Your policy against chalking on the sidewalks is absurd and, I’m betting, undocumented. Your choice to wade into an event of people who apparently thought they were acting legally and benignly and violently subdue one woman was practically assured to rile up the crowd against police abuse for all of the right reasons. Shooting people with beanbags — let’s just say I look forward to an investigation identifying who was responsible for that call and seeing them try to justify it.
(c) people throwing projectiles at police – don’t do that. Seriously, get a grip. You are not going to make things better. We have mechanisms in place for dealing with police who rough up innocent civilians — and those mechanisms work a lot better when the police can’t say that people were throwing bottles at their heads. Not only could you hurt a police officer, but unless you’re Mariano Duncan you can hit (and maybe even kill) a civilian. I’m going to presume that I don’t have to explain to you how extraordinarily stupid this is — justifiable only potentially in cases where before you start the police are wading through crowds chopping up people with chainsaws. Instead, I want to talk to you about how cowardly it is.
The chances that the person throwing a projectile — which, if you don’t know, tends to amplify the police response to a situation – is the person who is going to pay the price for the projectile being thrown is relatively small. When you’re above the melee throwing things from your window, as has been alleged some did, you’re not going to pay the price at all. If you want to go “down to the demonstration to get your fair share of abuse,” as Mick Jagger put it, being upstairs doesn’t qualify.
(d) Downtown LA Art Walk – I understand that your blaming Occupy without any criticism of the LAPD makes a lot of sense given your situation. I am sincerely sorry about the damage done here to your brand. Nonetheless, aspects of your attack on Occupy for providing chalk probably inappropriate: giving out chalk to patrons may have been imprudent under the circumstances, but under most conditions (including that of a proportionate police response) it barely registers on the Richter Scale of disruptiveness. Furthermore, ignoring the police response in your statement seems pathetic. Worse, it seems unhip.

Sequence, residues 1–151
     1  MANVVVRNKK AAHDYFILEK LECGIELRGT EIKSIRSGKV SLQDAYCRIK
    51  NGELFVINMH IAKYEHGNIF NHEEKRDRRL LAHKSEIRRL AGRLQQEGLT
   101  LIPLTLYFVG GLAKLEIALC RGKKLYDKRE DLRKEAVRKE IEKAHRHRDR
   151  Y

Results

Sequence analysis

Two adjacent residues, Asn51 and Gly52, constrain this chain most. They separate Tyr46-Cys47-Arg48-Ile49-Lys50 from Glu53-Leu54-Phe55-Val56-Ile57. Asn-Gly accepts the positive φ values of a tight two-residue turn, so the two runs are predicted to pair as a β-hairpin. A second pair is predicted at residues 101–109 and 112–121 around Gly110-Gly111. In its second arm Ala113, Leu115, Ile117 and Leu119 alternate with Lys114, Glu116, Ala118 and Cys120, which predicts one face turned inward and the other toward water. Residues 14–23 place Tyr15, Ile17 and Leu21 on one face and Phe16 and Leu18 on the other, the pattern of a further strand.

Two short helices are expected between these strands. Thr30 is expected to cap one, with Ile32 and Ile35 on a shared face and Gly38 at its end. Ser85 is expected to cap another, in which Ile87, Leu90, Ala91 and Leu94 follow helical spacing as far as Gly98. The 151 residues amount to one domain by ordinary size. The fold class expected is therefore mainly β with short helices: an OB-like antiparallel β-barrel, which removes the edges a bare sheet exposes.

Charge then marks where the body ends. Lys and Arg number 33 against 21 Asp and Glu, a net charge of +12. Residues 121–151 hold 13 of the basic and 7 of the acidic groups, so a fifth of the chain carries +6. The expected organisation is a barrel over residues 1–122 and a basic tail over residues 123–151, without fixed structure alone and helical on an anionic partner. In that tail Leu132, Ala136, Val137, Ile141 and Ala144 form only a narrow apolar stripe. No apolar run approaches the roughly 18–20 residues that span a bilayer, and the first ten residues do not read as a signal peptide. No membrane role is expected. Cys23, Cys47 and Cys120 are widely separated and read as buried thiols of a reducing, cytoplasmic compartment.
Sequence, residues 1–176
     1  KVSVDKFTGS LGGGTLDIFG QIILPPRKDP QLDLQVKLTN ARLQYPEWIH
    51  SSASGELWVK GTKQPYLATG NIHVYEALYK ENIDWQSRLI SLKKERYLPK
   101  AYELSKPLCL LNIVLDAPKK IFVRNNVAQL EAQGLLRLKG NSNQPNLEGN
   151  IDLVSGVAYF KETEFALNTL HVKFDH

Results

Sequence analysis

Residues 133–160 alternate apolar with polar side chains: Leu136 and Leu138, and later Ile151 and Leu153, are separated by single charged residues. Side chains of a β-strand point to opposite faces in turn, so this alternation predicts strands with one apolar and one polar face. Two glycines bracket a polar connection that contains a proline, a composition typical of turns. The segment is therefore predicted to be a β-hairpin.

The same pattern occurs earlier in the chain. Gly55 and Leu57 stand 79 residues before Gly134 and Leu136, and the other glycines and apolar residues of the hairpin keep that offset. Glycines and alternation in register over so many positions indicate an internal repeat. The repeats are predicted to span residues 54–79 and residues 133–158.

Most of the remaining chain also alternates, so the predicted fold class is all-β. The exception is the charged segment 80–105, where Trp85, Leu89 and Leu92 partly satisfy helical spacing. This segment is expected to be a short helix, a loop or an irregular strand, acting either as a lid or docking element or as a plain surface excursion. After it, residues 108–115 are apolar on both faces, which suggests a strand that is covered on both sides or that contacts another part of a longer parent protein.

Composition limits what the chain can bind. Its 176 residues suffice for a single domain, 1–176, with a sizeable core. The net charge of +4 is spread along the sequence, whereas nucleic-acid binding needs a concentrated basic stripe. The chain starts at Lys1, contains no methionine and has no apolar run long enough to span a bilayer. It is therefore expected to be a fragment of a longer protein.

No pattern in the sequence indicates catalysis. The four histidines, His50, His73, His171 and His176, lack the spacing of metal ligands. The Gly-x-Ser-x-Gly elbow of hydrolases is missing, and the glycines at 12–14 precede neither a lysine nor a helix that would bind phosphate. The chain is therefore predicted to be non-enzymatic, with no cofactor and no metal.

(e) the CCA — again, I can’t recommend strongly enough that people read especially the last section of the laactivist.com article linked above. The police response is alleged to have to do with protests outside of the CCA’s building and the attempts to organize the homeless. This event may not tip the scales towards your being blamed for calling these shots, but it’s a sizable bale of straw added onto the camel’s back. If you think that you are going to win this conflict by escalating police response, that’s a pipe dream. You’re on the map now. If you think that you’ll be better off if LA becomes this year’s Oakland or Davis, you’re crazy.
By the way: Mayor Villaraigosa — if you still have thoughts of running for Governor, you will put strong efforts into bringing this to a stop through respectful negotiations following a full investigation.
(5) Back to Todd Downing’s petition – I signed it despite the fact that I disagree with (or am not sure about) parts of it. You should sign it too. Specifically:
- I haven’t read the MacKinney decision and don’t know whether it’s controlling; having seen lots of law misquoted and misapplied by people on all sides, I can’t endorse the conclusion that it’s the controlling legal authority. (I used to be much more willing to come to such easy conclusions about the law before attending law school. They pretty much beat it out of you.)
- I agree with Todd’s second paragraph. I don’t know that the facts in the third paragraph are all correct, but here I have to trust Todd”s (apparently conscientious) research — and I think that there’s clearly enough to justify an investigation.
- In the fourth paragraph, I don’t know that LAPD didn’t follow their own policy on use of force, although I suspect that that’s true. (I’m more convinced that they didn’t follow prudent policy.) I think that they may have had grounds to act, but not good enough grounds to justify the disproportionate response that occurred there.
- I expect fumfering replies from the police that the LAPD response was not about ”the great childhood pastime of using chalk on public space,” and the police will probably be right. (I can certainly see why Todd couldn’t pass up that line, though.) Be that as it may: even if it was using chalk to taunt and provoke the police, the response was inappropriate. An investigation will, I expect, bear that out — so let’s see one.
- And … none of my reservations above really matter all that much. You can disagree with (or not be convinced by) the petition in some places and still, on balance, choose to sign it.
This may be another one of those posts that pisses off everyone on all sides, but I’m prepared for that. Let the accusations of my simultaneous radicalism and anti-radicalism commence!
The bottom line is … sign the petition.